Dear Tribal Members and Families:

We are in uncertain times with the spread of the COVID-19 disease nationwide. It has affected all areas of our lives - financially, physically, spiritually and mentally. There is no easy answer to be given by either the medical field or from our tribal leaders. What we know today is what has been conveyed by Centers for Disease Control and Prevention (CDC).

The CCT has implemented preventative measures to keep you safe. They have asked everyone to stay at home when possible, stay home when you are sick, wash your hands frequently, practice preventative cough and sneeze etiquette, clean often used surface areas daily and practice social distancing. These measures are necessary to reduce the spread of the COVID-19. I caution you to not take these measures lightly. The Incident Command Center has been working diligently to provide resources and protocol for all tribal agency/organizations. 

It is important to know what the signs and symptoms are for COVID-19. They can range from mild symptoms to severe illness. If you have come in contact with someone who has the virus, then the symptoms can appear from 1 to 14 days after contact. Most notable symptoms are fever, cough and shortness of breath. To be extra cautious, if you think you were in contact with an individual that may have the virus, you can take your temperature daily, and if it is between 98 to 100.4 degrees and you don’t feel good, stay home and self-monitor for 72 hours. If your symptoms worsen, call your primary provider for medical advice. As stated by the CDC and Washington State Department of Health (DOH) elders and persons with medical conditions are more likely to suffer more serious complications from COVID-19.  It is important to understand anyone can catch COVID-19, but there can be more serious consequences for family members who are at higher risk. 

If you have signs or symptoms, please call your regular provider for further instructions. For mild symptoms, you may be asked to self-quarantine for two weeks. If your symptoms worsen, call your provider and they should give you further instructions. Presently, Colville Indian Health Service Unit and Lake Roosevelt Clinics have limited ability to test for the COVID-19 virus. 

Because there are so many unknowns about this disease, this has created stressful times for tribal members and the communities. It has promoted fear, false and misleading information. First, we must remind ourselves that acting out of fear, anger or misinformation hurts everyone.  Please do not use Facebook to get answers. You can call the Emergency Operations Center (EOC) at 509 634-7530. The EOC is staffed 24 hours a day, seven days a week. The EOC will be expanding services to assist with anxiety and fear due to COVID-19.  When these resources become available, a notification will be advertised through the Tribal Tribune and other methods of communication. For more in-depth questions or services, a referral will be made to the appropriate level of service when necessary. Other informational resources are CDC ( and DOH at 1-800-525-0127 or . The CDC website allows you to sign up for email updates.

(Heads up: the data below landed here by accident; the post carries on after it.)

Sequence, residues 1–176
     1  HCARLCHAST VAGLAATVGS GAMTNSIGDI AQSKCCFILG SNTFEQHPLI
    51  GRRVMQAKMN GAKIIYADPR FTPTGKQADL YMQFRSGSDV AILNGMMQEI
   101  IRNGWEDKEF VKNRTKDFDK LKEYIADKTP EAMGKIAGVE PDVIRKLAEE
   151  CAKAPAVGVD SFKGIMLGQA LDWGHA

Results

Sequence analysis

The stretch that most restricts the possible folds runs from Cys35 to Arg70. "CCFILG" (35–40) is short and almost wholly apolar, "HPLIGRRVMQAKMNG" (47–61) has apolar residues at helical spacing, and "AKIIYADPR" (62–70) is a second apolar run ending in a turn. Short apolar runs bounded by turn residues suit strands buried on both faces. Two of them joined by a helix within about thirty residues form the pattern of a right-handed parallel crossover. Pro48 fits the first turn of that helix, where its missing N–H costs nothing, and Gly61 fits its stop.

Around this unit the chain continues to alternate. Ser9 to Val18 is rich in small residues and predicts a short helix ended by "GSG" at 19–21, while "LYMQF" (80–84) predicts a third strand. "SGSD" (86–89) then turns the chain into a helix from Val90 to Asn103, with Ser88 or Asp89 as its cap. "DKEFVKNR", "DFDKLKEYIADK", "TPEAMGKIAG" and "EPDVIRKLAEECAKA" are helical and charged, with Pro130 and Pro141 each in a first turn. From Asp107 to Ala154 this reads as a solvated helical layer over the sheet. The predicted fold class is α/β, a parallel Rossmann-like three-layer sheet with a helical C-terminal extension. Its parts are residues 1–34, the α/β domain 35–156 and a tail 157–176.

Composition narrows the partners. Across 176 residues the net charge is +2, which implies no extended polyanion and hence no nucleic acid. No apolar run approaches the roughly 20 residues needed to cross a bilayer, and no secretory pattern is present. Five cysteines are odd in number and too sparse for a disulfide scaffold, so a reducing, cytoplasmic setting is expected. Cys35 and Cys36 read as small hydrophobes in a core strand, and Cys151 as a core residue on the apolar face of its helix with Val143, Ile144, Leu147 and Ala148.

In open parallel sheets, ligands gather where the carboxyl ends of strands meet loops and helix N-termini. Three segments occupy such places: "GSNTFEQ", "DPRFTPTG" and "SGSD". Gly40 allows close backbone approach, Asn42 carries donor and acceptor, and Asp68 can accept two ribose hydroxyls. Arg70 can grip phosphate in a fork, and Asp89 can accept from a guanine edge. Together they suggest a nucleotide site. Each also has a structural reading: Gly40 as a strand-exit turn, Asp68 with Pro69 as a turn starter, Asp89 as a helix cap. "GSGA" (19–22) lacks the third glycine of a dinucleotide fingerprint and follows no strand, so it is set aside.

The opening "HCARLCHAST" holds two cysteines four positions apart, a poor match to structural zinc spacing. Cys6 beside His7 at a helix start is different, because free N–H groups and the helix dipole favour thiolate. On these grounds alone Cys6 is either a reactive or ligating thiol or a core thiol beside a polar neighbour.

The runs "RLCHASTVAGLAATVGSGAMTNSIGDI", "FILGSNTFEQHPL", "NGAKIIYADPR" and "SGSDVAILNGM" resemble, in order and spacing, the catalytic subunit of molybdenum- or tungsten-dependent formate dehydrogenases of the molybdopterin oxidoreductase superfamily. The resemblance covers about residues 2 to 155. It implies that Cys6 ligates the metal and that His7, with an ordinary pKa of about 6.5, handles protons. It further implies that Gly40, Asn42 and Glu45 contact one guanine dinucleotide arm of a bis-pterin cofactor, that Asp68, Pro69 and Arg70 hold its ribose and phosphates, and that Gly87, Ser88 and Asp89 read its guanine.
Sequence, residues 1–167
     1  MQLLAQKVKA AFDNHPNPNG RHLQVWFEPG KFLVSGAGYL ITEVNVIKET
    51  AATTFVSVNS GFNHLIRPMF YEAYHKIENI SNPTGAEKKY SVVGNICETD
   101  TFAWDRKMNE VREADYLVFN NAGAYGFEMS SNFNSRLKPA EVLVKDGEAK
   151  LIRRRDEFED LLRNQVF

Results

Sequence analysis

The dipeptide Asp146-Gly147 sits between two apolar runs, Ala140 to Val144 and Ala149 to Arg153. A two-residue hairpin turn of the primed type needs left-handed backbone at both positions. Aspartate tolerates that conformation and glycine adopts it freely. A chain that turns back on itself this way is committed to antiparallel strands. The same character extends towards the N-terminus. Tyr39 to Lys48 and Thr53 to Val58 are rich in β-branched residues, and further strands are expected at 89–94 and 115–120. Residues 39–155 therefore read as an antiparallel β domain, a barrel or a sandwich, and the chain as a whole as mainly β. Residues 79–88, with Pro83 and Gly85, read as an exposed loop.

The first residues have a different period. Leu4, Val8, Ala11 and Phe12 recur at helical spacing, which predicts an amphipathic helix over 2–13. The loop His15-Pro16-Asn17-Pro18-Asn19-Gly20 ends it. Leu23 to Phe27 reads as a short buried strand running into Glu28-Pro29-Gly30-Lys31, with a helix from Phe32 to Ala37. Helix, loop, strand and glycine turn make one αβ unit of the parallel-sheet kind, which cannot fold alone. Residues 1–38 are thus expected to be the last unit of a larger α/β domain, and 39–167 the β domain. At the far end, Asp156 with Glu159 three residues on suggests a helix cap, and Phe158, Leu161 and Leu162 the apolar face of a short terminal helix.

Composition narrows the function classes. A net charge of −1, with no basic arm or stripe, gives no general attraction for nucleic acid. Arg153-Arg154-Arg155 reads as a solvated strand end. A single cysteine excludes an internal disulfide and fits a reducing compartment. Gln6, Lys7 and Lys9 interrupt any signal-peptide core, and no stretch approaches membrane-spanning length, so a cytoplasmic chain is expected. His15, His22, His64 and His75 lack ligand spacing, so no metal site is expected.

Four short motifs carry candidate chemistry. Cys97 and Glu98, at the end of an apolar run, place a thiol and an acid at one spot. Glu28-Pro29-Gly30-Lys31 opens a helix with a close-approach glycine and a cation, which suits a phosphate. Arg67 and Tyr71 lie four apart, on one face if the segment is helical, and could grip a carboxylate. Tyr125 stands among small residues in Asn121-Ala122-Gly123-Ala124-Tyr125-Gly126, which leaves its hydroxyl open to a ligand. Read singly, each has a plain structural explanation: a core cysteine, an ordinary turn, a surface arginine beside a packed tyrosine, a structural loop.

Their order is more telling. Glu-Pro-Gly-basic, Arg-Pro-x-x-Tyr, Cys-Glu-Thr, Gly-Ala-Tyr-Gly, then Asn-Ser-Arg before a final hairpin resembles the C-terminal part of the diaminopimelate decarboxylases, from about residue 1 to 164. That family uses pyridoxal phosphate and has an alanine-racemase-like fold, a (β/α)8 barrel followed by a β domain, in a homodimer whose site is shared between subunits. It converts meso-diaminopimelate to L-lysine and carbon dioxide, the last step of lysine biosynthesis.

Most importantly, you are primarily responsible for preventing the spread of the COVID-19. The basic instruction to prevent the illness is by avoiding exposure to this virus. 

The CDC and DOH recommend taking the following steps to protect yourself:

  • clean your hands often
  • avoid close contact with people who are sick
  • put distance between yourself and other people. 

Take the following steps to protect others: 

  • stay home if you are sick
  • cover your mouth and nose with tissue to use the inside of your elbow when you cough or sneeze
  • throw away used tissues in the trash, immediately wash your hands with soap and water for 20 seconds
  • clean your hands with hand sanitizer that contains at least 60% alcohol. 

If there are additional concerns or questions, please feel free to call me at 509 634-2437 or the EOC at 509 634-7530. Please everyone, stay safe by staying home as much as you can. 


Alison J. Ball

Tribal Public Health Officer

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